Advancements in payment technology and online shopping have come a long way, allowing people to connect, transact and participate in virtual marketplaces from anywhere in the world. And while it’s convenient that you can now buy almost anything and have it on your doorstep within days or weeks, this increase in transactions has led to an increase in fraud. An increase that’s only going to continue to grow because as the tech becomes more advanced, fraudsters do too.
Today fraud exists in many forms, especially online. In fact, in 2020 South African eCommerce retailers lost half a billion Rand due to fraud. And in 2021 global eCommerce businesses experienced a total loss in revenue of $20 billion.
Online payment fraud refers to a wide range of fraud types that occur online. In essence, online fraud is the process of stealing an individual’s payment information and using it to make unauthorized transactions on the victim's account.
One of the most common types of fraud experienced by businesses is an account takeover. This is commonly achieved through phishing, vishing, or the use of malware, that is software developed by cybercriminals to steal user data. In short, a cybercriminal will gain access to an individual’s banking information or bank account. Fraudsters use a variety of methods to do this, but phishing is the most common. Phishing is a form of fraud in which an attacker masquerades as a reputable entity or person in email or other forms of communication. Through this scammers gain an unsuspecting individual’s personal information without their knowledge. Once they obtain this information, they’re able to access private bank accounts, hence the term account takeover.
Of all types of fraud this is the most successful and the hardest to stop. Once someone has control of your bank account, they will most likely use it to buy liquid cash either in the form of vouchers or to draw money from an ATM. This way they don’t create suspicion and the fraud remains unnoticed until either the bank account holder or the bank identifies fraudulent behavior, and by then it's too late.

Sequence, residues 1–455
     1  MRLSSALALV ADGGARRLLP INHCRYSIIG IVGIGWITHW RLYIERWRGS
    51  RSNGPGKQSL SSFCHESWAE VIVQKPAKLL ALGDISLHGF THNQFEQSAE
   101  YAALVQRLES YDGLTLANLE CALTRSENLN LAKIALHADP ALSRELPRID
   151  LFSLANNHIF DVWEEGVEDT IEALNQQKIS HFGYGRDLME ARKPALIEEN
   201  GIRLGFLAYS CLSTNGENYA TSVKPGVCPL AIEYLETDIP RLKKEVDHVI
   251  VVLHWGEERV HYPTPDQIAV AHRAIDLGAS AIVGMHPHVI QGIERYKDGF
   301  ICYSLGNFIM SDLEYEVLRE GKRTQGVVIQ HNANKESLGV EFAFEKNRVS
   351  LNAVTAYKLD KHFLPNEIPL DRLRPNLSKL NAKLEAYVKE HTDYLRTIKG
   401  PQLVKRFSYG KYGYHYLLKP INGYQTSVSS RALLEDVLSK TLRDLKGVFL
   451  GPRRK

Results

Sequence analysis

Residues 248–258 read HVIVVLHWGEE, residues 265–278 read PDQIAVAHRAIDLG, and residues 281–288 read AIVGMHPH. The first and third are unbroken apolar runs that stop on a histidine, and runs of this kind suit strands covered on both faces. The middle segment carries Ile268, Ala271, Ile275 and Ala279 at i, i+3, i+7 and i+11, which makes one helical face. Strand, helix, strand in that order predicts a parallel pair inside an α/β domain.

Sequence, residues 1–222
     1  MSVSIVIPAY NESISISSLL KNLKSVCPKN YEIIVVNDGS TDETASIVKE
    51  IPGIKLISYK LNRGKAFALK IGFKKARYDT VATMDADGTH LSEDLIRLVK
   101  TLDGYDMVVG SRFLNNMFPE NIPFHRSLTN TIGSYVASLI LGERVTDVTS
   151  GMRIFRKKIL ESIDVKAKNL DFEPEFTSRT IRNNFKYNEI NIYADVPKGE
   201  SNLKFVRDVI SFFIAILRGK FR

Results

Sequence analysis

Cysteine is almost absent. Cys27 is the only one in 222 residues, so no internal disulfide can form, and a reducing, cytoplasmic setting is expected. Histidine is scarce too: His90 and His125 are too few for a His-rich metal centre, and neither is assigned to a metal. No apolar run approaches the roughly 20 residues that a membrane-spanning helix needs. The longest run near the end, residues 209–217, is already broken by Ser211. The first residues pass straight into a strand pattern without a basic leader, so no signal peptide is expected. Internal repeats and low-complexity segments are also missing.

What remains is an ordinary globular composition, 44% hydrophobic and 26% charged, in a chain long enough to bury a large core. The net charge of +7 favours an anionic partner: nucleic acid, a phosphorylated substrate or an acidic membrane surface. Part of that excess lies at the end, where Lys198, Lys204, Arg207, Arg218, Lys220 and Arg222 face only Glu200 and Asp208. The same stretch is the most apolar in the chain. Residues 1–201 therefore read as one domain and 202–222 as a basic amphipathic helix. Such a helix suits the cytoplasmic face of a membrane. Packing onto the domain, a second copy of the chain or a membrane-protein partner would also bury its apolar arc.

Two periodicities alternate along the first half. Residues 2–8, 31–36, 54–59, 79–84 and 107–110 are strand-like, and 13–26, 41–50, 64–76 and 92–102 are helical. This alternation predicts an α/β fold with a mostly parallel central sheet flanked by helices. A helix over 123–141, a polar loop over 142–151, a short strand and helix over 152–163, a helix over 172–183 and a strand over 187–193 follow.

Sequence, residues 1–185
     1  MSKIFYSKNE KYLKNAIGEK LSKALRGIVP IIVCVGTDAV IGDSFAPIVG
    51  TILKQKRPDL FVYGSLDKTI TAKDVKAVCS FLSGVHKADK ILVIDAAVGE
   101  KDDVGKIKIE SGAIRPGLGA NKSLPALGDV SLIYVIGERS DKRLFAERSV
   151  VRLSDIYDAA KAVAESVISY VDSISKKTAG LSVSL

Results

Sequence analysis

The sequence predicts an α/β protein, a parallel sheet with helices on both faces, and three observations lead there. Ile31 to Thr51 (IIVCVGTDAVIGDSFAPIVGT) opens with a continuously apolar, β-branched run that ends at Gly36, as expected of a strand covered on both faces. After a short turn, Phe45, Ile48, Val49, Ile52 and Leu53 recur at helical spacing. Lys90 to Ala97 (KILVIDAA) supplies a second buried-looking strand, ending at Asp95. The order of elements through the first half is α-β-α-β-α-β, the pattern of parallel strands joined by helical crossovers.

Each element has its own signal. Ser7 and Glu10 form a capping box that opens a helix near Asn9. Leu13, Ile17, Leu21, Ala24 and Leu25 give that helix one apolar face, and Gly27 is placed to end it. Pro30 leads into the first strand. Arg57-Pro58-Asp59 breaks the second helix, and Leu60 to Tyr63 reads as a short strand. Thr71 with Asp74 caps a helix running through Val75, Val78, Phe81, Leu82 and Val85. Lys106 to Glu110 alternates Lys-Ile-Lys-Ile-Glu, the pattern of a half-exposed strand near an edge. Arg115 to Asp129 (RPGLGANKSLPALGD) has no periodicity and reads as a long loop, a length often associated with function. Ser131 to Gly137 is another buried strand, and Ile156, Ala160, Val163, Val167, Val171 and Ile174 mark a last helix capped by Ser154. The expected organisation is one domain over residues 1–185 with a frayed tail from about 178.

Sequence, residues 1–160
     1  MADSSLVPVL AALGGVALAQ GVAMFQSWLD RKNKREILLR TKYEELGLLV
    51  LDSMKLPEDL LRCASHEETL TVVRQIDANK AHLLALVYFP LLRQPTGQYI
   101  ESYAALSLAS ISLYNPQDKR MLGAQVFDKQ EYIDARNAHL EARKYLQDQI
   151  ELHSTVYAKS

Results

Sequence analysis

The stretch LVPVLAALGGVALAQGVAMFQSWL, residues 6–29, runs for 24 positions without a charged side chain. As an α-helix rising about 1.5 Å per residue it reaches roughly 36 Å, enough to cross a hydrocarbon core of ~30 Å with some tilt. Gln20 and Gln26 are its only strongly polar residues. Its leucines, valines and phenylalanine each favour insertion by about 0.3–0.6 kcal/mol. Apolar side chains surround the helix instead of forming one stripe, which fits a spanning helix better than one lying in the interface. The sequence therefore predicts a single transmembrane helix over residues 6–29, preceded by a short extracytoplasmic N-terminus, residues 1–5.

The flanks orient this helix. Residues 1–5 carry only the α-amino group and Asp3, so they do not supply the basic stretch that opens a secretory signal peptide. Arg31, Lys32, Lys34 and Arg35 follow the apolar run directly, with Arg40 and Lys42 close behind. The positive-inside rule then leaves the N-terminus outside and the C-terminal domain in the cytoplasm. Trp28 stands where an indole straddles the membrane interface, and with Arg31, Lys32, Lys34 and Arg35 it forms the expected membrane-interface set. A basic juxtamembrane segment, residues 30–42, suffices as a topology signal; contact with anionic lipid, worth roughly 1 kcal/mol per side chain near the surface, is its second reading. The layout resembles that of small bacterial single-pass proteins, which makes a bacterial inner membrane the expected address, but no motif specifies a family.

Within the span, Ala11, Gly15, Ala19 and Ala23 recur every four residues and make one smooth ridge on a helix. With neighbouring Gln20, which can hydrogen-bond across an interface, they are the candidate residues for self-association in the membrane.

This kind of fraud occurs when a fraudster makes a phony deposit and sends the merchant a fake proof of payment confirmation. The merchant thinks they’ve been paid and releases the goods, only to discover that the money is not really in their account.
A refund scam is very similar, the main difference being that the fraudster will make a claim that they have not received the goods they paid for and request a refund.
These kinds of fraud are common amongst small businesses and many have fallen victim to it over the years, costing them vital capital and loss in inventory.
Before we tell you how we tackle fraud, let’s first talk about security. Ozow’s systems and products are designed and built using the latest technology. We comply with the highest international safety and security standards, and we work closely with the banks, regulators and our security partners to ensure that user and merchant data is kept safe and secure. We are also PCI level 1 compliant and are registered with PASA as a systems operator.
Should a fraudster try to take advantage of one of our merchants, we have robust systems in place to combat this. Our systems are designed to identify and flag recurring payments that seem fraudulent, for example, repetitive purchases of vouchers.
Once identified as fraudulent behavior our fraud investigator informs the bank who services the individual and freezes their account. Our investigators are constantly on the lookout for irregular spending patterns and repetition within our users' transactions. Ensuring that fraud is kept to a minimum whenever using Ozow.
In terms of a deposit/refund scam our system mitigates this risk by pre-populating payment details via our API, removing the risk of human error and fraud. Once a payment is made through Ozow no proof of payment is required as the payment is made in real-time and cannot be reversed. Thus, this type of fraud is almost nonexistent when using our products.